We’re celebrating the 80th anniversary of the creation of the Rural Electrification Administration this month. The REA was created because in 1935, rural areas had no electricity—no lights or power to transform their hard work and efforts into efficiency and productivity. With the creation of the REA, and the subsequent Congressional action through the Rural Electrification Act, REA was able to empower rural America, changing lives and livelihoods for the better.
Posts tagged: REA
In the depths of the Great Depression, President Franklin Roosevelt signed Executive Order 7037 on May 11, 1935 establishing the Rural Electrification Administration (REA), a temporary agency tasked with deciding how to fund rural electric systems. The following year, Congress passed the Rural Electrification Act of 1936, giving statutory power to the new agency.
It didn’t take them long to get to work. In 1937, the REA noted the most spectacular increase of rural electrification in the history of the United States had been achieved. Thanks to this national commitment, more than 1.2 million farms had electric service and the gap between urban and rural standards of living was closing. Read more »
By Jonathan Adelstein, Administrator-USDA Rural Utilities Service
If you lived in a rural area 75 years ago, you probably didn’t have electricity. Water for livestock, cooking, cleaning and bathing had to be hand pumped from a well. Farmers risked milk spoilage in the summer, and people often got sick from lack of refrigeration of their food.
On May 11, 1935, President Franklin D. Roosevelt signed an executive order to create the Rural Electrification Administration (REA) to bring power to rural areas. It was a resounding success. Nothing before or since has transformed rural America like the REA. Today’s Rural Utilities Service (RUS), part of the USDA Rural Development mission area, continues the work of REA. Just this week, four former REA and RUS administrators gathered in USDA’s radio studio, reflecting on their roles from 1993 to the present. Their observations will soon be available via podcast.
Rural Development, through RUS, is aggressively building a program to finance renewable energy, and rural America is rapidly becoming a greater energy producer for the nation. Not only is this part of President Obama’s clean energy economy, but it will also create quality jobs in rural America. Working with other federal agencies, rural electric cooperatives and other utilities, we are taking steps to modernize the electric grid and improve energy efficiency.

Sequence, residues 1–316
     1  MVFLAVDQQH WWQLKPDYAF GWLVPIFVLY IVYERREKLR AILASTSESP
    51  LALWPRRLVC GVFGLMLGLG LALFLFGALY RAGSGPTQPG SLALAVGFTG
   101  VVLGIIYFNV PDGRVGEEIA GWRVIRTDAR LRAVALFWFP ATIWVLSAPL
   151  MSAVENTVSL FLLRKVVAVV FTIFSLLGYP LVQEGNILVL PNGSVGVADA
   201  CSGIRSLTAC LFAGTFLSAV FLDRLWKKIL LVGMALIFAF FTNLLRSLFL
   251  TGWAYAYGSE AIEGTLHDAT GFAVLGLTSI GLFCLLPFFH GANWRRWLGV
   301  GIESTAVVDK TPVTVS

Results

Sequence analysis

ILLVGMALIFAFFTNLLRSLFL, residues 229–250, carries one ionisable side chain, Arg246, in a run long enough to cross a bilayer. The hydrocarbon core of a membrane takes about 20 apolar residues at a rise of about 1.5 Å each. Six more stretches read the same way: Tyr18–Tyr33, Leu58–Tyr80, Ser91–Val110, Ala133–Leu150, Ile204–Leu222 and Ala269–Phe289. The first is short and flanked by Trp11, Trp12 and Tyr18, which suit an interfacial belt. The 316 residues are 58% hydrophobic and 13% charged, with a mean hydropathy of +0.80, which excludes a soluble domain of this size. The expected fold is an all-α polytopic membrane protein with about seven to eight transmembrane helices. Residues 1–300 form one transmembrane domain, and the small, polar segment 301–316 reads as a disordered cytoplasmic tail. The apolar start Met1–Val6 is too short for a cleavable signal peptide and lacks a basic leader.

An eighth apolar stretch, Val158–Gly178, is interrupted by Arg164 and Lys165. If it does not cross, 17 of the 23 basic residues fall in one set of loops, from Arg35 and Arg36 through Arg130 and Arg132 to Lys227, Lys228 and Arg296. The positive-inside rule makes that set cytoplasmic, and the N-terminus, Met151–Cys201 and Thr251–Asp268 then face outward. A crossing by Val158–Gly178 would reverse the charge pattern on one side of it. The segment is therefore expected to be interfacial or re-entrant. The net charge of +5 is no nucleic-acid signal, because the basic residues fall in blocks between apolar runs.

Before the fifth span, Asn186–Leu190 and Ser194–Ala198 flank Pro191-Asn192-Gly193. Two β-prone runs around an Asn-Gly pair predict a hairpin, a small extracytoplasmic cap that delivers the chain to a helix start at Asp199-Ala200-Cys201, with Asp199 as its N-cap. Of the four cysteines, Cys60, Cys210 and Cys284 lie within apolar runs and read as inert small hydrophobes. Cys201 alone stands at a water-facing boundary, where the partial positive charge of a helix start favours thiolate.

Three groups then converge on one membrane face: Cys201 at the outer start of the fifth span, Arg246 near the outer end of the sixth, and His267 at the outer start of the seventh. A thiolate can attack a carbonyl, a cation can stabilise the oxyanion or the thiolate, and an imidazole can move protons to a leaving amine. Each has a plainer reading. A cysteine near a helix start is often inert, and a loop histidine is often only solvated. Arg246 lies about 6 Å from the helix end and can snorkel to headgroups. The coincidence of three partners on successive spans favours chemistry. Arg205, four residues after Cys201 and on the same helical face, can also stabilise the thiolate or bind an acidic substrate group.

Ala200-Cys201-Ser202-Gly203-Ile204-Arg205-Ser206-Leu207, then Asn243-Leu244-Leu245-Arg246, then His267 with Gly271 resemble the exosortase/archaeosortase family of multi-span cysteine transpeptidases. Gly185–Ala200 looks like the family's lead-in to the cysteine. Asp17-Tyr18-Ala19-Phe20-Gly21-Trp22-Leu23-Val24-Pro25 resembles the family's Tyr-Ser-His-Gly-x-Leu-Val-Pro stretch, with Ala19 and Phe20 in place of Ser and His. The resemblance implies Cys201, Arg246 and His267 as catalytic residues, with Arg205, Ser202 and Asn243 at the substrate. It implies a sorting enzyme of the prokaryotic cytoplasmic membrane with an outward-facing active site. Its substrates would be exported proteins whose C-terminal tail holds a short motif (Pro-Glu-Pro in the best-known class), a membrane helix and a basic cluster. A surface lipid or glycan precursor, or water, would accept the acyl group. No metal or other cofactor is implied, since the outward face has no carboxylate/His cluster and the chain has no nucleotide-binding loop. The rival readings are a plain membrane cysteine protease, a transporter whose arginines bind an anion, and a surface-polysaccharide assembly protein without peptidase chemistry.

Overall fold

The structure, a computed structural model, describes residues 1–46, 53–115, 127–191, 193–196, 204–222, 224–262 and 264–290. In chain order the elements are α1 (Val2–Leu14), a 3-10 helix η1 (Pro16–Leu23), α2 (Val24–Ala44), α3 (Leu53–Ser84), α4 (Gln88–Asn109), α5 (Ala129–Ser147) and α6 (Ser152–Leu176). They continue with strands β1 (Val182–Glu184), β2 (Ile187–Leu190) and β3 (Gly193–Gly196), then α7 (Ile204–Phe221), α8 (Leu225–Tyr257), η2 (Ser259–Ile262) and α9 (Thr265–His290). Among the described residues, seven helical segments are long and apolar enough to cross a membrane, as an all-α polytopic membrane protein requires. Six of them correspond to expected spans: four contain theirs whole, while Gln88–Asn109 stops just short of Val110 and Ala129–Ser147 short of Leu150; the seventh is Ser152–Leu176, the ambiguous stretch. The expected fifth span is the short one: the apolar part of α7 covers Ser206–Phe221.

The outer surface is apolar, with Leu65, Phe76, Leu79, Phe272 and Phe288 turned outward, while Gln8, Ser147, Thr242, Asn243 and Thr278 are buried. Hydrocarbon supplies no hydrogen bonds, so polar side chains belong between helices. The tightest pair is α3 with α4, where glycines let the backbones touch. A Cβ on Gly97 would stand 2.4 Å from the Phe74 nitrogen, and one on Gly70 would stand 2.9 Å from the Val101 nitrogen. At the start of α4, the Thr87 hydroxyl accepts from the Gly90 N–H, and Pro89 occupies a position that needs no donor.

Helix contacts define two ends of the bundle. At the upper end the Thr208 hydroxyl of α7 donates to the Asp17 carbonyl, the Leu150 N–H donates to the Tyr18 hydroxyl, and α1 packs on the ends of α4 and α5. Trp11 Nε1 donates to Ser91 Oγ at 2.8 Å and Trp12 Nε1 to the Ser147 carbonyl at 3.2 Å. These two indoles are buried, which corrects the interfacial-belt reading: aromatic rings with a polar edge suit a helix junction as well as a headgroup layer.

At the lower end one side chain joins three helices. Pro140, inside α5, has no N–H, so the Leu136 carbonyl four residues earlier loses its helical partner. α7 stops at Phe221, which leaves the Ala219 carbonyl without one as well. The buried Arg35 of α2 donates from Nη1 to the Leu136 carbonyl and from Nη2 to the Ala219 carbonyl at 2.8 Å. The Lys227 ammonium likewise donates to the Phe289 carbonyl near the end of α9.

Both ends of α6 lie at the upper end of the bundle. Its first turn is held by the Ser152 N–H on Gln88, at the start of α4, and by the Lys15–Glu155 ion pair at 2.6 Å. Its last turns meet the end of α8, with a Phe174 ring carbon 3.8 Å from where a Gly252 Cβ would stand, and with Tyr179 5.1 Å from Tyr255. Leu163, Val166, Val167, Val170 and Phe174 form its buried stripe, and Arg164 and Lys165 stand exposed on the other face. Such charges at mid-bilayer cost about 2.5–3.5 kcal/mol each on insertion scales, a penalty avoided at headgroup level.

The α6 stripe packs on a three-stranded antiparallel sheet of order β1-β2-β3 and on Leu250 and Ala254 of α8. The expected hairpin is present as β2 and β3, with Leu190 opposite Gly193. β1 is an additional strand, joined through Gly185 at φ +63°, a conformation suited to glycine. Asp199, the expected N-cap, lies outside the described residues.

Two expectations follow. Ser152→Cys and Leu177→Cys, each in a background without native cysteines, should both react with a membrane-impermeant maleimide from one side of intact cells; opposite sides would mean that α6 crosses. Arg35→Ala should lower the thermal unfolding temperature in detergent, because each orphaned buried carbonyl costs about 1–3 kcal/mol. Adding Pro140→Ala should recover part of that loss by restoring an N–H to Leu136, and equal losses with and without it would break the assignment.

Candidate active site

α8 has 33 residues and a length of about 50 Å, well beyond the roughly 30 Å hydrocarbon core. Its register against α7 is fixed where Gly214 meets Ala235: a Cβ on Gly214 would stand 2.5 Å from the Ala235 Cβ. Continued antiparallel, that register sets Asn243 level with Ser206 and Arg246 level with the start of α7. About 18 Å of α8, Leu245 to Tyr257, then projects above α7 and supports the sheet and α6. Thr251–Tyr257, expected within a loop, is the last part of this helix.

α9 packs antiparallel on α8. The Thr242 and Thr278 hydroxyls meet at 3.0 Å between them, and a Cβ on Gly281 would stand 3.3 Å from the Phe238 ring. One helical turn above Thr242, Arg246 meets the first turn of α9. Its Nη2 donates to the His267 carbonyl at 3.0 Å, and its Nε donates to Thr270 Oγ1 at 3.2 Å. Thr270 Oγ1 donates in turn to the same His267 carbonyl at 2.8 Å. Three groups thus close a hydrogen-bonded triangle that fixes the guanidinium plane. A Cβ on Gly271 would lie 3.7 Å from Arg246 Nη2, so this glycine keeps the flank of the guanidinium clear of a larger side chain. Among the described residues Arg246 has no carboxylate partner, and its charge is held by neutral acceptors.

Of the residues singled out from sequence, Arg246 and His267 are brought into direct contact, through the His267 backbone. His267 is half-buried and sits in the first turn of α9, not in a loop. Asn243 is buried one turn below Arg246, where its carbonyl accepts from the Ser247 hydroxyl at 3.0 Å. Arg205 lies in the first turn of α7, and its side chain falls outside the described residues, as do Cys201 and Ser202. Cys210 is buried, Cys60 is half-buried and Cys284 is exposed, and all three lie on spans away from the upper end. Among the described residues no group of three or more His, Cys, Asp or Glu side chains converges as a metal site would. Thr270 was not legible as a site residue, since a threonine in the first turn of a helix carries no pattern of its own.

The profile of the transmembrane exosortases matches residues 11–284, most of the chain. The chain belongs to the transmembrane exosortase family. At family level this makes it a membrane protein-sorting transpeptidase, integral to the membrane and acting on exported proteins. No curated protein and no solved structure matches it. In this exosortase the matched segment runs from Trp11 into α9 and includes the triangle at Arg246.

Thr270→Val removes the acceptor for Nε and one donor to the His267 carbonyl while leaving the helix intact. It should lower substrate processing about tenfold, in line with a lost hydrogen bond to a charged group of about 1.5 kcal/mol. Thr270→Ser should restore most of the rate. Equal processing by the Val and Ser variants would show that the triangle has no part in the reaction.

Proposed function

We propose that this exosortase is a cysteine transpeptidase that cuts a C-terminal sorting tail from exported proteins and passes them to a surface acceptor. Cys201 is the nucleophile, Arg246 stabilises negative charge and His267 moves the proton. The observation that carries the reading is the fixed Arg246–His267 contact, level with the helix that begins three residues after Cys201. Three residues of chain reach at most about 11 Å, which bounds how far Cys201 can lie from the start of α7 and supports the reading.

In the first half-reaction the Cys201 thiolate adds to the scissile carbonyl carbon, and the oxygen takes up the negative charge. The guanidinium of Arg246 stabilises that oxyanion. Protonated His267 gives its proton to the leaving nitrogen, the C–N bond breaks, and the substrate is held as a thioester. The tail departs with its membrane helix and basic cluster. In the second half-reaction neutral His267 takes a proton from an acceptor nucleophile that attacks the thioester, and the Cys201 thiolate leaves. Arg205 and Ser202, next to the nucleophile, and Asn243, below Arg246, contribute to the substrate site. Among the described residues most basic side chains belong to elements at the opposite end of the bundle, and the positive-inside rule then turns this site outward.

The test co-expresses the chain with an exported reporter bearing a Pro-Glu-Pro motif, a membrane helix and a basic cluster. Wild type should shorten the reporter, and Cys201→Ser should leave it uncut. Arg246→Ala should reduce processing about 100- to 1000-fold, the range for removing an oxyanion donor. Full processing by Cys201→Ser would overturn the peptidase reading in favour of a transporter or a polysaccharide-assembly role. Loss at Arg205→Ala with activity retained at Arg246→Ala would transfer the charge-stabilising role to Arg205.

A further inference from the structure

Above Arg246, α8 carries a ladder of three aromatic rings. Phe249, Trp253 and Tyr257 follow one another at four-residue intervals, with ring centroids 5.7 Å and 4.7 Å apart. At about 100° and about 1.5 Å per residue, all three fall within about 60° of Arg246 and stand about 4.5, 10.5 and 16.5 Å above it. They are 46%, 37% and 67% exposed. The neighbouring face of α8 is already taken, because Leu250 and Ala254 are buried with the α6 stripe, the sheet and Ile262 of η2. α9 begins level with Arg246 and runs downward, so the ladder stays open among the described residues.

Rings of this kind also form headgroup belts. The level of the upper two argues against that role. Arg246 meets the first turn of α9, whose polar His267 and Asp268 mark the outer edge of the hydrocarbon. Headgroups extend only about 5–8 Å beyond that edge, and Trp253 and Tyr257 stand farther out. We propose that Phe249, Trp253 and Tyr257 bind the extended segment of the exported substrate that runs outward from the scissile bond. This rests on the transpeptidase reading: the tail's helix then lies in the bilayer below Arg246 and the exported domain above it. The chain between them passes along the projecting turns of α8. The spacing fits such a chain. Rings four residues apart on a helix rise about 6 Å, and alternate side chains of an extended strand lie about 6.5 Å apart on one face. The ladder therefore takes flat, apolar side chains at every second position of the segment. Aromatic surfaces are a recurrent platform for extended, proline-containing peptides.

While working to improve electric transmission services we are also meeting a new challenge: Delivering broadband to rural communities. Without broadband, rural businesses are placed at a disadvantage and our children face diminished educational opportunities. Our next great achievement will be to build a system that will connect even the most remote places in America to the web.
Rural America’s future is bright, thanks to the thousands of men and women who have worked in or with the REA and now the RUS over the past three-quarters of a century.
Chances are, if you live in rural America, some of those people are your neighbors, as close as your local electric cooperative. They achieved a modern miracle, lighting rural America. This week, take a minute and think about all the good they’ve done. They’ve achieved the greatest success in a government technology program of all time.
(Left to right) Christopher McLean, Administrator, 2000-2001; Wally Beyer 1993-1999; James Andrew 2005-2009; Glenn English (CEO-NRECA); Hilda Gay Legg 2001-2005; Jonathan Adelstein 2009 – present; Dallas Tonsager (Undersecretary, USDA Rural Development); gathered on May 4 at the U.S. Capitol for an event marking the beginnings of the effort to bring electricity to rural America.